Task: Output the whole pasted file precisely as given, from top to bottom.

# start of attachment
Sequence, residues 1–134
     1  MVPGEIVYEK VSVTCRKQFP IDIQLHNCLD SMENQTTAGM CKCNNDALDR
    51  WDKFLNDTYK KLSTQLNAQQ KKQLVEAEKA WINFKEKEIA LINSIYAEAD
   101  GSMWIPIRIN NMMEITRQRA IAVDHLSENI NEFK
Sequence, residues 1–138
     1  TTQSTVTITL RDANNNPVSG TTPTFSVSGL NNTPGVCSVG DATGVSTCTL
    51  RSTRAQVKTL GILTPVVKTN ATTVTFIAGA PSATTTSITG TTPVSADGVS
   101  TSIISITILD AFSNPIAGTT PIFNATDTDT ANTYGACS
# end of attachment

Sequence, residues 1–134
     1  MVPGEIVYEK VSVTCRKQFP IDIQLHNCLD SMENQTTAGM CKCNNDALDR
    51  WDKFLNDTYK KLSTQLNAQQ KKQLVEAEKA WINFKEKEIA LINSIYAEAD
   101  GSMWIPIRIN NMMEITRQRA IAVDHLSENI NEFK
Sequence, residues 1–138
     1  TTQSTVTITL RDANNNPVSG TTPTFSVSGL NNTPGVCSVG DATGVSTCTL
    51  RSTRAQVKTL GILTPVVKTN ATTVTFIAGA PSATTTSITG TTPVSADGVS
   101  TSIISITILD AFSNPIAGTT PIFNATDTDT ANTYGACS